Identifying and managing trigeminal neuralgia in the dental office

Dental hygienists receive extensive education in common systemic diseases, oral pathology, and infectious diseases. Every hygienist will surely encounter some patients with a health condition that is unfamiliar to them, and trigeminal neuralgia (TN) may well be the case. This rare disease is twice as common in women than men and is often undiagnosed, misdiagnosed or underdiagnosed.

Also the author… Best Practices in Waterline Management of Dental Units

What is trigeminal neuralgia?

The trigeminal nerve sends important facial sensations and messages to the brain. When patients experience TN, some describe it as the most excruciating pain known to man. The severe pain is reported to be like an electric shock and is usually felt only on one side of the face.1 Trigeminal neuralgia affects approximately 150,000 people each year and can be triggered by simple daily tasks such as:

  • Brushing/flossing
  • Smile
  • a light touch
  • eat
  • open and close mouth
  • drink

Initially, pain caused by TN can last for several seconds. But as the condition continues, the electric shock may last for several minutes or even longer.2 The onset of TN usually occurs in women aged 50 years or older; if symptoms occur in women under 40 years of age, it is recommended that they also undergo multiple sclerosis evaluation.

More about trigeminal neuralgia… Trigeminal Neuralgia: A Suicidal Disease

The trigeminal nerve is often called the fifth cranial nerve. There are two trigeminal nerves, located on either side of the head. From there, the trigeminal nerve extends to branches and roots. Although the specific cause of TN is unknown, two types have been identified: primary trigeminal neuralgia and secondary trigeminal neuralgia. Primary trigeminal neuralgia is associated with compression of blood vessels on the trigeminal nerve near the junction of the brain and spinal cord. Secondary trigeminal neuralgia is caused by stress from secondary sources such as tumors, multiple sclerosis, injury, or trauma.3

Because TN is a rare neurological disease, it can be difficult to find a doctor familiar with its diagnosis and treatment. Patients often must see multiple healthcare providers from various disciplines before a diagnosis of TN is confirmed.

Treatment options for trigeminal neuralgia

In the past, TN was called a “suicidal disease” due to its psychological impact on patients.4 Patients report prolonged depression, anxiety, delayed diagnosis, and sleep disturbances. Dental complications of TN include dental anxiety, fear of toothache and/or dental treatment, which may precipitate recurrence of TN. The psychological effects of long-term exposure to TN may lead to suicidal ideation in some patients. Timely and accurate diagnosis can minimize the psychological impact of TN. However, if any mental health concerns are present, appropriate mental or behavioral health referral is recommended.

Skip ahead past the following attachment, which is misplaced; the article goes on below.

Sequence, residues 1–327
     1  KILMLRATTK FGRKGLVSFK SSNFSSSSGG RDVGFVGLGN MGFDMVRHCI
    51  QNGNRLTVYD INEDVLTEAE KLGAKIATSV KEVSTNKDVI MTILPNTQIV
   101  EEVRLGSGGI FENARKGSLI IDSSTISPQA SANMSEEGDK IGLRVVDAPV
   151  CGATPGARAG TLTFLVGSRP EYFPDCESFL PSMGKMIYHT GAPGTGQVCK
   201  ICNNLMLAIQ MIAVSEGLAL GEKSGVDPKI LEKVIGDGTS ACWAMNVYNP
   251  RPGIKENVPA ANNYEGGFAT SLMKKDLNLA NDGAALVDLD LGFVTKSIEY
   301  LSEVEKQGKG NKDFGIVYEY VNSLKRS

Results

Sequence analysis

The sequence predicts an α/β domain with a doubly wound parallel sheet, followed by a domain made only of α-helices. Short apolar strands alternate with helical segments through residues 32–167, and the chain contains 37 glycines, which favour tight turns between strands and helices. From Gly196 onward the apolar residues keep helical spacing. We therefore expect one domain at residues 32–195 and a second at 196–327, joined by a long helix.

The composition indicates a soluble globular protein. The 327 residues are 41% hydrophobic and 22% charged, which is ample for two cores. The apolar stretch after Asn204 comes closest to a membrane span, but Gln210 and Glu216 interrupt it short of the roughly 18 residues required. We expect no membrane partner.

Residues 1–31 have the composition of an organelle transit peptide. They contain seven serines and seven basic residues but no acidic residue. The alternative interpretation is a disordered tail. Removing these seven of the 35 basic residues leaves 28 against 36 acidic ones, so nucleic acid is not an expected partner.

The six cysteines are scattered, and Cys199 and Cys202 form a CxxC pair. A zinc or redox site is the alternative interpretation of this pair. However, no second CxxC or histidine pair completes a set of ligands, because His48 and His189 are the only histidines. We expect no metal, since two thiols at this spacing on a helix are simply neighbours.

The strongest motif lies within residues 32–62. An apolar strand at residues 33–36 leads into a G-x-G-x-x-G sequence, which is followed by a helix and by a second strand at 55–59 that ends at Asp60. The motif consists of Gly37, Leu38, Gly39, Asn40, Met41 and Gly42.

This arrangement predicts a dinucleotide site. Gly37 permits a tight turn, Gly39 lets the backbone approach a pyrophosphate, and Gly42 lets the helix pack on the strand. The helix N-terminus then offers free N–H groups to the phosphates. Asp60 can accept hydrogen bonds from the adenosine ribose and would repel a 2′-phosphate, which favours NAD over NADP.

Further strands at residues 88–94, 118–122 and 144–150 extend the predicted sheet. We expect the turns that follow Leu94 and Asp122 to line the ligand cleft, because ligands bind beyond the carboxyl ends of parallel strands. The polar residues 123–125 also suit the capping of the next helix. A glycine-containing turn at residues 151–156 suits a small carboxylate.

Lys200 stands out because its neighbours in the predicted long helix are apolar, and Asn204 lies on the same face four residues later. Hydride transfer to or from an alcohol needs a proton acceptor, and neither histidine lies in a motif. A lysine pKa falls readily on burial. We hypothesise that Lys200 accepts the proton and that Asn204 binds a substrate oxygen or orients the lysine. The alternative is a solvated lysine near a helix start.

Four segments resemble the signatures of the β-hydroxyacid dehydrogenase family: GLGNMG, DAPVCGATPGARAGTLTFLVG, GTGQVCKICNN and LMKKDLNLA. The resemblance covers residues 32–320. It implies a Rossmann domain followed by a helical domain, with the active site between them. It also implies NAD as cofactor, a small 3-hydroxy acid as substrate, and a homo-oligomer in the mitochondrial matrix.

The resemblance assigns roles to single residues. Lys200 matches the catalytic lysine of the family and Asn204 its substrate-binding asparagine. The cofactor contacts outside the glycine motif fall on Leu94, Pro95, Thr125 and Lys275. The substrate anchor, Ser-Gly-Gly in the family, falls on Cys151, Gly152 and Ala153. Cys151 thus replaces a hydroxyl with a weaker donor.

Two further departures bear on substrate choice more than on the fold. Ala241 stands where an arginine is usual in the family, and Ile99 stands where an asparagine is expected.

Treatment options for patients diagnosed with TN are limited, and there is still no cure. Symptom management and palliative care are important lifelines. Currently, treatments include non-surgical options using anticonvulsant medications such as gabapentin, oxcarbazepine, or carbamazepine. Surgery may be an option when the medication is no longer effective, the side effects of the medication are no longer tolerable, or the pain caused by TN is no longer controllable.

Trigeminal Neuralgia and Dental Patients

Dental professionals play an important role in identifying and referring patients with TN. Patients experiencing TN experience extreme facial pain, which may be related to toothache. Dental clinicians are often the first providers patients turn to for relief from unknown facial pain. A thorough intraoral and extraoral examination, including X-rays and examination of lymph nodes, temporomandibular joints, and salivary glands, should be performed to rule out any pathological problems.

An article was published in dental decision making 2021 discusses the involuntary muscle spasms around the eyes and mouth often observed in patients with TN at rest.5 If the cause of facial pain is unknown and TN is suspected, the patient should be referred to an appropriate specialist. It is estimated that “more than one-third of patients with undiagnosed TN who present to a dental office may undergo unwise surgery or delayed treatment.”5